Today was the first day of school for hundreds of thousands of Michigan public school students.  My two elementary schoolers bounded out of bed, were dressed in record time, and hauled heavy backpacks to the bus stop to eagerly begin another year of learning.  That eagerness will soon wear off as the novelty of seeing old friends wears thin, oh, about Thursday.  But today they were excited to be going back to a new school year with new teachers and new things to learn.

And you can go "back to school" as well, with the eagerly anticipated launch of Quixtar University today.  To find the classes available online, go to Quixtar.com, click the "Build and Manage My Business" tab and you'll find information on how to get started.

There are five courses available under the "Basic Business Skills" heading, ranging from "Introduction to selling and building a balanced business" to how to "Make a successful sale."  You can take a quick course for 10 minutes or less or get more in-depth information and knowledge from a more extensive course.  And, if pressed for time, you can start a session, stop, and pick it up again when convenient for you.  The "Product Expertise" section allows you to start with Artistry and will eventually have additional product courses to help you learn about more health, beauty, and other product brands and categories.

Check it out today and keep visiting Quixtar University for more courses and information to help you become more successful!

    

Sep.02
2007

Like nails on a chalkboard

I'm normally pretty easygoing.  But grammar and style errors to me are like nails on a chalkboard…they're beyond irritating; they're almost excruciating. Or like those wonderful MasterCard commercials where the carefully synchronized shopping experiences in a deli or a garden center are ground to a screeching halt by someone writing a check or using cash.  Grammatical or punctuation errors literally stop me in my tracks when reading. 

I actually found myself sending an e-mail last week to a team member who was the first I'd seen lately correctly spell the phrase, "sneak peek." I'd seen a whole flurry of notes that described a "sneak peak" or worse yet, "sneek peak" e-mail.  Those who cherish language know that "sneak peek" is the accurate usage — and that something that's a peak would have a hard time sneaking anywhere at any time!

Another is that an idea needs to be "flushed out."  Now I've seen rough concepts or ideas that need to be "fleshed out,"  as in we need to put the meat on the bones of a thought.  If you're "flushing" something out, that means you've got a lot of, er, stuff to get rid of.

The misuse of "its" and "it's" is huge.  "Its" is the possessive, as in, "the dog lost its ball."  The contraction "it's" means "it is."  But this misunderstanding is very pervasive.  I actually work with someone here at Quixtar who changes the correct usage into the incorrect use — as in "The company is changing it's relationship with it's customers."  You and I both know that sentence should read "its."    

I was in a presentation of ad concepts the other day with placeholder copy that had a number of errors that I couldn't let stand — I had to fix them on the spot lest they find their way into another presentation.  Why?  Because they distracted me.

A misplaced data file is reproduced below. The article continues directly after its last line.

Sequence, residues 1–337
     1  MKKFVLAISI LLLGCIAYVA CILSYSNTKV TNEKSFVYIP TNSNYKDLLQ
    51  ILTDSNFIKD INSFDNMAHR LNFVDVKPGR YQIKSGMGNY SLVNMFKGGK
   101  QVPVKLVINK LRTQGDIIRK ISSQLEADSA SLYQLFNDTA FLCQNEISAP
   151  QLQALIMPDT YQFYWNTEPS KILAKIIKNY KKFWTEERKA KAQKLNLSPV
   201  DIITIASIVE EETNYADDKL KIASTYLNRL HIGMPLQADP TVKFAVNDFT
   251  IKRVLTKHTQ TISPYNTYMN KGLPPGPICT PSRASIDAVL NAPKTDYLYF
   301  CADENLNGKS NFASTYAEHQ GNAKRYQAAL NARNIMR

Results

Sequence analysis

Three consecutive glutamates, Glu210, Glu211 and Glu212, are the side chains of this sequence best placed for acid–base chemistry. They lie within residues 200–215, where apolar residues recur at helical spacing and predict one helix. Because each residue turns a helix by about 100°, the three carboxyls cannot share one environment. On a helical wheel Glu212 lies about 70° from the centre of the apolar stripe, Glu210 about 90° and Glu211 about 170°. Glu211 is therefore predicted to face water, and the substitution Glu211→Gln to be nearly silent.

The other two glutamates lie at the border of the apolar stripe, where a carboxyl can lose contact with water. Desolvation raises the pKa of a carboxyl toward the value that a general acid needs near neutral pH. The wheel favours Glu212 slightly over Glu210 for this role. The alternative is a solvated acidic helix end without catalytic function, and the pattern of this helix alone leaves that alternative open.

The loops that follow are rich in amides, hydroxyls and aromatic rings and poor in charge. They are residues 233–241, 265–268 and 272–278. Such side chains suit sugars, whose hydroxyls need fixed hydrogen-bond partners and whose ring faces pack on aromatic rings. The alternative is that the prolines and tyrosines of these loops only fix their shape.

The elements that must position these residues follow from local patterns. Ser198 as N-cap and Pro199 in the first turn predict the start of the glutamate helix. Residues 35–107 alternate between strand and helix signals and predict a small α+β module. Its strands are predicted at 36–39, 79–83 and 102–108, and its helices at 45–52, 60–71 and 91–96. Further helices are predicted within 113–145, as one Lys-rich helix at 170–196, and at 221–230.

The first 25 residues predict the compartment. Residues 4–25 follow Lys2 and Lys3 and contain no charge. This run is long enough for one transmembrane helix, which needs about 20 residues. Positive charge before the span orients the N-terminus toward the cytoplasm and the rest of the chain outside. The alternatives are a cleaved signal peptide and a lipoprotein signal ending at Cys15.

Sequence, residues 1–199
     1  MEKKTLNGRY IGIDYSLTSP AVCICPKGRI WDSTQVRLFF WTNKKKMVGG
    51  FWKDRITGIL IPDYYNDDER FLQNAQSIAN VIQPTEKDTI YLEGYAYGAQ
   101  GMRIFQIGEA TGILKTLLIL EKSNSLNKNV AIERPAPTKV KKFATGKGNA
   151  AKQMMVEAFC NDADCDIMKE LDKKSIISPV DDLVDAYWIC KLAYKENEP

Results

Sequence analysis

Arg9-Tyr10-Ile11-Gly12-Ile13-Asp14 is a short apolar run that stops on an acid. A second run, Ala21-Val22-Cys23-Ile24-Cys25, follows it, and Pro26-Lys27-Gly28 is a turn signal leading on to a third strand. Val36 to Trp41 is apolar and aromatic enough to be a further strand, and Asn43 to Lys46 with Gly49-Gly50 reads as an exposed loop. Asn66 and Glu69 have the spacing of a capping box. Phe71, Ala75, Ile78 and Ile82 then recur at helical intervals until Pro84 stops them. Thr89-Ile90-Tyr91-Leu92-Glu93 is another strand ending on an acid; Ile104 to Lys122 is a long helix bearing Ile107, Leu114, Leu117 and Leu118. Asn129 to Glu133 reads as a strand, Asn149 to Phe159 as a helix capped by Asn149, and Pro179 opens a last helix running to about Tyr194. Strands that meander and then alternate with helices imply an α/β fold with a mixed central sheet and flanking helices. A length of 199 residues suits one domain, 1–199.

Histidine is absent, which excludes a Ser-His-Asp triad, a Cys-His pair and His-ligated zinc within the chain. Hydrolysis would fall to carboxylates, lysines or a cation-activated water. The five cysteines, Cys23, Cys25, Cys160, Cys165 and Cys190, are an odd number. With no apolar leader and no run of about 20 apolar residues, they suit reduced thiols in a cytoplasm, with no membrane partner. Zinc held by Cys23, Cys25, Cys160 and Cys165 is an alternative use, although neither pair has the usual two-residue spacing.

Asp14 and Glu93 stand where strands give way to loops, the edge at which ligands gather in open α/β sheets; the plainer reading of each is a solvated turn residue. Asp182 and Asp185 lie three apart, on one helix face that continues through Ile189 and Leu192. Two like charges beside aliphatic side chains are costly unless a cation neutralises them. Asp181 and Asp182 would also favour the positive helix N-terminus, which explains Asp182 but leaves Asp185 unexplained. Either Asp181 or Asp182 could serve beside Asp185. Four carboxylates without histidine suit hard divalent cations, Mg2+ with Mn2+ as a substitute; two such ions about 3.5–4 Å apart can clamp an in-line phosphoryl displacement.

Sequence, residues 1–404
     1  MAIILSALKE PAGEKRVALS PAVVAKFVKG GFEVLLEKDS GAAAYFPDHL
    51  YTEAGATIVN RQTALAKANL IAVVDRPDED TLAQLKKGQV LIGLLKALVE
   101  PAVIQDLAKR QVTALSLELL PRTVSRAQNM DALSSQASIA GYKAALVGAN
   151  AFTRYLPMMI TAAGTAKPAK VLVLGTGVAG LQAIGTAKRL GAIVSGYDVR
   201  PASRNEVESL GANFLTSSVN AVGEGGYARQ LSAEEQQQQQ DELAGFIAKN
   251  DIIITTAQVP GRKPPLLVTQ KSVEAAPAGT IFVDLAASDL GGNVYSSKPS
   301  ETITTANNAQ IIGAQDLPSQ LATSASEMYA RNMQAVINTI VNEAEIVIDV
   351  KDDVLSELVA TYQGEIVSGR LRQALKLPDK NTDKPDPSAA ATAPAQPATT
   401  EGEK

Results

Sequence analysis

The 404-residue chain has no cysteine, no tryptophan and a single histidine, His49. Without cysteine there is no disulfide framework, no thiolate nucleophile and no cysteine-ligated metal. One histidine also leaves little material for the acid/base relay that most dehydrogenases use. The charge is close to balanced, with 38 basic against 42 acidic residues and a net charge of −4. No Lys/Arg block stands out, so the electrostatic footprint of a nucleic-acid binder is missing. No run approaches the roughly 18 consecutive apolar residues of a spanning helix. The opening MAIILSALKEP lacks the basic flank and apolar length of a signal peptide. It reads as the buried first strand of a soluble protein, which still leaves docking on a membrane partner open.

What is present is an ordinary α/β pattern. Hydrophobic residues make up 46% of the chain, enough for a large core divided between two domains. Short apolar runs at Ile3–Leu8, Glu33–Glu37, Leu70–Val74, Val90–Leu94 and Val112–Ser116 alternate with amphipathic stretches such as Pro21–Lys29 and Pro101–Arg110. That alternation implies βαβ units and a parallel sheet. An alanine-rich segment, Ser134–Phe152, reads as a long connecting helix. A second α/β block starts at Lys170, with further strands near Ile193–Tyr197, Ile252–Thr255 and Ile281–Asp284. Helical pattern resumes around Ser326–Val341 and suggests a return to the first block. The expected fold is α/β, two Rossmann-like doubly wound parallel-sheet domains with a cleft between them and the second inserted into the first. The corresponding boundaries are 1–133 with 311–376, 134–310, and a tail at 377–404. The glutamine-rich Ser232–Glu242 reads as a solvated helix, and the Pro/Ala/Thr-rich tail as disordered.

One of my favorite gifts to high school grads is a copy of Strunk and White's "The Elements of Style."  The "White"  is E.B. White, author of "Charlotte's Web."  The "Strunk" is William Strunk, a Cornell professor who first privately published his musings on style in 1918.  White later resurrected the work after Strunk's death with some of his thoughts and passion for proper style and usage.  It's a slim, readable primer on grammar and an indispensible guide.  Those who want something more contemporary might like "Eats, Shoots & Leaves," by Lynne Truss, a witty look at punctuation errors. The cover alone is hilarious.  And if you don't get it, you need to read the book!

Another is Richard Tobin's "Tobin's English Usage."  This one is a sentimental favorite of mine as Dr. Tobin, in addition to being the nephew of Ring Lardner and a writer who graced the pages of The New Yorker and other pubs, was one of my journalism professors at Indiana University.  Your best bet for getting a copy is a used bookstore in a university town.  

The arbiter of usage and style in Quixtar Communications is Marsha Hoffman, our esteemed copy editor.  Marsha is our style cop and truly an expert in matters of punctuation, style, grammar, and usage.  While Marsha is willing to discuss and debate the merits of the serial comma or the preferred or colloquial usage of certain words, she literally has the last word as she's the final pair of eyes to consider just about everything we do. 

Nobody's perfect, and we all occasionally make mistakes. While I'm a fan of the serial comma, I'm not always consistent in my use.  Sometimes it's a rush to get something out, or in the case of an e-mail, the feeling that a communication is fleeting or temporary.   Our team is lucky to have Marsha as our guide for the communications destined for public consumption.  As for the rest of the world, there's Strunk & White!